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Virginia is covered on the Northeast States List
Floyd County Virginia's history begins in Southwest Virginia in the 1700's with
the arrival of traders, trappers and hunters. Trader's Path is the earliest known travel way through Floyd County.
It ran East to West, over the Roanoke River where Back Creek comes in, by John Mason's, R. Poage's, the waters
of Back Creek and Southwest over Bent Mountain. The trail continued westward through the Little River area to the
Lead Mines. First known attempts to settle Floyd County, appear to have been made during the 1740's. James Patton,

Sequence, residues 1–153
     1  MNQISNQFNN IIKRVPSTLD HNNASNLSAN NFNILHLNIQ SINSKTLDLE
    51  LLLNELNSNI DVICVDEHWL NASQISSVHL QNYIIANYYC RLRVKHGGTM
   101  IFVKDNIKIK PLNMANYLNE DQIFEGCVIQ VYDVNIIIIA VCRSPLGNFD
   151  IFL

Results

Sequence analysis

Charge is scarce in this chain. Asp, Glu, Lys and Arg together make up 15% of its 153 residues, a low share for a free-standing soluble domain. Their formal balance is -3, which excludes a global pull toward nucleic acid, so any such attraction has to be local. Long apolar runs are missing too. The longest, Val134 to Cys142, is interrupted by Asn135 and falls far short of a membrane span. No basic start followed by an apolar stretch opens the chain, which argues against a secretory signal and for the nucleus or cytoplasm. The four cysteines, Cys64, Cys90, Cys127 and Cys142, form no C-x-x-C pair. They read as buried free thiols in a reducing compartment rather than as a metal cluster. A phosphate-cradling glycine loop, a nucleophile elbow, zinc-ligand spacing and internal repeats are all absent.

in 1745, was granted by the Virginia Council, 100,000 acres on the New River and westward flowing waters. In 1749,
the Royal Company of Virginia received a grant as well, on the westward flowing waters. This put the two companies
in competition with each other to settle the area.
January 15, 1831, the General Assembly of Virginia passed an act creating what is now Floyd County, out of Montgomery
County. The new county got its name from the Governor at the time, John Floyd. In 1834, the courthouse was completed.
A portion of Franklin County was given to Floyd County in 1870.
Floyd County's county seat was first called Jacksonville, in honor of Andrew Jackson the 7th President of the United
States. First incorporated in 1858, Jacksonville was re-incorporated on February 19, 1892, in order to enlarge
the town boundaries. The General Assembly passed an Act on January 23, 1896, officially changing the name to Floyd,
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